[33] Dr Hingston filed an appeal against Decision No: 2001-225 on the basis that it contained an incorrect aspect at the conclusion of the summary (on page 2), and that no order was imposed. Dr Hingston argued that the Authority, in declining to make an order, took irrelevant factors into account and gave insufficient weight to relevant ones.

[34] The error contained in the summary was corrected by an Erratum to Decision No: 2001-225, dated 28 February 2002, issued to the parties and to all subscribers of the Authority's decisions.

[35] Following discussions between the parties, a consent Memorandum was filed in the High Court, dated 4 April 2002 remitting the matter back to the Authority. The Consent Order required the Authority:

… to consider if any order should be made in respect of the breach of Standard G1 (and not taking into account any consideration of Standard G4).

Further Submissions

[36] Before the Authority considered the complaint again, Dr Hingston's solicitors asked for an opportunity to present further submissions, although the consent memorandum did not provide for this facility.

[37] In view of the emphasis on natural justice in the Broadcasting Act, the Authority agreed to accept written submissions. However, on the basis that counsel had agreed before the consent memorandum was signed that no further submissions would be made, TVNZ expressed considerable annoyance at the Authority's action.

[38] The Authority then agreed that it would consider whether it should accept submissions on the appropriateness of an order and, only if it agreed to do so, would it then consider submissions on the substantive points.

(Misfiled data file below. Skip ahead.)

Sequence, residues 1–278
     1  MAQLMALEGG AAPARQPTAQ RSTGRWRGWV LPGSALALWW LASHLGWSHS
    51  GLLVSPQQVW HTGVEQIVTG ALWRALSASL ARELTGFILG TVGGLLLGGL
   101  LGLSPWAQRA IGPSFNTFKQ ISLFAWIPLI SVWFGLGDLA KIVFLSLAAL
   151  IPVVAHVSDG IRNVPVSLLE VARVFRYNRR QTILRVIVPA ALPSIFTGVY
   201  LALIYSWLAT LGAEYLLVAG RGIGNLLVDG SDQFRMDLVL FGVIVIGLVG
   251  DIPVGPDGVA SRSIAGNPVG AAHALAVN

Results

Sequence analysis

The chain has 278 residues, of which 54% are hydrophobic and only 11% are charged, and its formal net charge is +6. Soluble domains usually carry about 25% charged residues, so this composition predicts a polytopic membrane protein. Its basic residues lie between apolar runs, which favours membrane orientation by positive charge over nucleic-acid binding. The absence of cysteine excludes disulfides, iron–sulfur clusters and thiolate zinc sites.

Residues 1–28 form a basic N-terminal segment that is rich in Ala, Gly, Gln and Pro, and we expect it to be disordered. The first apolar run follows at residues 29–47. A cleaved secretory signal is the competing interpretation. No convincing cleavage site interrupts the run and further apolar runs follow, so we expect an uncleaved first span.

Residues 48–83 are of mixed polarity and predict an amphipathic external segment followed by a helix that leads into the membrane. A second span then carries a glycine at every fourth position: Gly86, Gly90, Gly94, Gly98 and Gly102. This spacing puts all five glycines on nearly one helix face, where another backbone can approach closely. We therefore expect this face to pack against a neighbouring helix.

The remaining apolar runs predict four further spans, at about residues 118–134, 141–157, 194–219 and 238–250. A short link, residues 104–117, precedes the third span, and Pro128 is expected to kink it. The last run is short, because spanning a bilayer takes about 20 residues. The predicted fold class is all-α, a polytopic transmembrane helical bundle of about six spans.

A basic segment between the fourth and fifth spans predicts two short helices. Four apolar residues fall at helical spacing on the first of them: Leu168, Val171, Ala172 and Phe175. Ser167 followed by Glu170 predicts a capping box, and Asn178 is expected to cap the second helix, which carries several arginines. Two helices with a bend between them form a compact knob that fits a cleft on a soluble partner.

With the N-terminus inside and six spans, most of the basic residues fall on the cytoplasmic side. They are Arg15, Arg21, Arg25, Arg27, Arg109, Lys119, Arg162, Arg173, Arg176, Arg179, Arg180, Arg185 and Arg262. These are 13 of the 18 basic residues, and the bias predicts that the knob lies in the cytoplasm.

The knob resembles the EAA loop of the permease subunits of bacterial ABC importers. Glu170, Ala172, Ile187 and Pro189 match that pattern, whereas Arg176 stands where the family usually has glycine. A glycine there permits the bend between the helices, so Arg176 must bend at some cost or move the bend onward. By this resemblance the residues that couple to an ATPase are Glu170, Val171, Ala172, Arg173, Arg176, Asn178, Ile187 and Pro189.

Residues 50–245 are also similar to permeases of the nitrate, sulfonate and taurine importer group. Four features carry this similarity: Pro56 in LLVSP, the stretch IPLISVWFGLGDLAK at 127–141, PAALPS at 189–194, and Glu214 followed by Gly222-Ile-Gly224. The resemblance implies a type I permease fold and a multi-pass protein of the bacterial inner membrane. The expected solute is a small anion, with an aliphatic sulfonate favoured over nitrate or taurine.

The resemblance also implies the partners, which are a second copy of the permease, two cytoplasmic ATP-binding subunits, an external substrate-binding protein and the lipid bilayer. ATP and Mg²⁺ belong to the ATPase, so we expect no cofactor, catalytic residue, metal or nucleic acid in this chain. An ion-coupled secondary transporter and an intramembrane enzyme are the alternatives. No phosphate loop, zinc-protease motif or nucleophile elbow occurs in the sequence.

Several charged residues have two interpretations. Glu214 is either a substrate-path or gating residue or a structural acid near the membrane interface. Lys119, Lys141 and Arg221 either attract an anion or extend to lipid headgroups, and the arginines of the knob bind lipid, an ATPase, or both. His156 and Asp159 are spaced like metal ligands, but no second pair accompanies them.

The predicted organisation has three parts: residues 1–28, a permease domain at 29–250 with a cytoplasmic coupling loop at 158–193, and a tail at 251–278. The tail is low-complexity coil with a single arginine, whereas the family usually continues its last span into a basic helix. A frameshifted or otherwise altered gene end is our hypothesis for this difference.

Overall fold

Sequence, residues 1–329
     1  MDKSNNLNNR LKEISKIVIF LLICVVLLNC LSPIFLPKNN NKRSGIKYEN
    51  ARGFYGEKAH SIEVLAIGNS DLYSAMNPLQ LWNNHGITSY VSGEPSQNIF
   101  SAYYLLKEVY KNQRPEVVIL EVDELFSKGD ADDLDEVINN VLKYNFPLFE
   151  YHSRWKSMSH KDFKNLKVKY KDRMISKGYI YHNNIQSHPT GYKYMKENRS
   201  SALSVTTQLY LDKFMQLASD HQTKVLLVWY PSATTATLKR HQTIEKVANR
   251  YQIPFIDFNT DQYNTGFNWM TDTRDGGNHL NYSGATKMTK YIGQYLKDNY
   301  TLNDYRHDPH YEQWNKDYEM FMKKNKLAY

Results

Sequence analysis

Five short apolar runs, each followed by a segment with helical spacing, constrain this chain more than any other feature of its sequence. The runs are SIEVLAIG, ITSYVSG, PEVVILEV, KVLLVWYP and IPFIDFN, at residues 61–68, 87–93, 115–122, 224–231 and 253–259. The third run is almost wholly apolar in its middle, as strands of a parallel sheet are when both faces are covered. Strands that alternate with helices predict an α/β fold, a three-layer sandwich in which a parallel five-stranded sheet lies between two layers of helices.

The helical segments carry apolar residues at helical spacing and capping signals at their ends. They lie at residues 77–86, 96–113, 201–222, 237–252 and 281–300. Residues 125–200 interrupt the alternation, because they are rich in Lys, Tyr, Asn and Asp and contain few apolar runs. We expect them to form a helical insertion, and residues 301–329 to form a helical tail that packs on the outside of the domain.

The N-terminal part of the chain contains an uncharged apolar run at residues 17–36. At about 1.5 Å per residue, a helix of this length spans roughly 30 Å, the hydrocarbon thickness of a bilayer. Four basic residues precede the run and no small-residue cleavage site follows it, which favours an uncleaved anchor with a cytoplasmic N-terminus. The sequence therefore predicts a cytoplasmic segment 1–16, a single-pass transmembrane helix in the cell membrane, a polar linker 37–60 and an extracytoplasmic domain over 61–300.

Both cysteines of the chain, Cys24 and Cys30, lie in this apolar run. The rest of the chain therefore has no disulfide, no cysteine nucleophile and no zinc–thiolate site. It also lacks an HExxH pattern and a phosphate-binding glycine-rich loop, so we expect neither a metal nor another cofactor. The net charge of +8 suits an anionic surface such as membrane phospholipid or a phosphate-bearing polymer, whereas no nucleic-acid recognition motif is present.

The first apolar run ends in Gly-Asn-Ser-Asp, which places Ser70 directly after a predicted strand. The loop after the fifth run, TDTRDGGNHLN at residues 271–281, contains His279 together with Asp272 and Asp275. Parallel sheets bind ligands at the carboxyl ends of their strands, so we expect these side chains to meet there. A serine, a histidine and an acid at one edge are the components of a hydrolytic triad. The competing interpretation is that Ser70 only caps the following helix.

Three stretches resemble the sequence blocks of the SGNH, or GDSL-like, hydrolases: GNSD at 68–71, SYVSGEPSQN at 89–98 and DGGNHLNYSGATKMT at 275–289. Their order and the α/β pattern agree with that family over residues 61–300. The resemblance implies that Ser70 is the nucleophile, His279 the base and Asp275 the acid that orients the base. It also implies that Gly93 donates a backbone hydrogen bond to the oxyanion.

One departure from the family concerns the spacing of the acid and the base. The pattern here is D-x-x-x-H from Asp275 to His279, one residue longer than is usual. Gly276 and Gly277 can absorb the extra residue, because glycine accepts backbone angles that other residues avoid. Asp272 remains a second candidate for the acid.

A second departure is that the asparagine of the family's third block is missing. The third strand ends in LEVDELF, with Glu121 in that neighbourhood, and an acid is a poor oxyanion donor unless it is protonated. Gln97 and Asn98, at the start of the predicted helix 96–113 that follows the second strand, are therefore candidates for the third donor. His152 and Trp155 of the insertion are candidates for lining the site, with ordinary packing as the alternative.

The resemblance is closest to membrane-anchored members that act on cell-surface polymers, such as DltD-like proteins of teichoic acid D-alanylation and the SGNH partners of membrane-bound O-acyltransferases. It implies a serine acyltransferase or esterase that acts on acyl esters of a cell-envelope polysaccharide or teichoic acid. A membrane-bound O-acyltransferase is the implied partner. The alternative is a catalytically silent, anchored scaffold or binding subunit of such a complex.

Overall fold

[39] Having considered the appropriateness of receiving and considering further submissions, the Authority decided that it would accept submissions relating to the issue of whether or not an order should be imposed.

[40] In his submission on the substantive issue, Dr Hingston stressed that the complaint from the outset had been one concerned about accuracy. TVNZ, Dr Hingston noted, had included the issue of fairness. Dr Hingston pointed out that the Authority had found the item to be inaccurate, and:

To accuse a doctor of unethical behavior is a very serious matter.

He argued that, "at the very least", TVNZ should publish a retraction, and pay a reasonable amount of his costs.

[41] TVNZ described the standard G4 aspect of the complaint, as "a red herring". It pointed to the finding in the original decision which stated:

As noted above, Dr Hingston was aggrieved that the error could give the impression that this practice imposed financial barriers to treatment. Nevertheless, as the Authority records, the full item made clear that this had not occurred. In these circumstances, the Authority does not consider that an order is warranted.

TVNZ maintained that no penalty was called for.

The Authority's Determination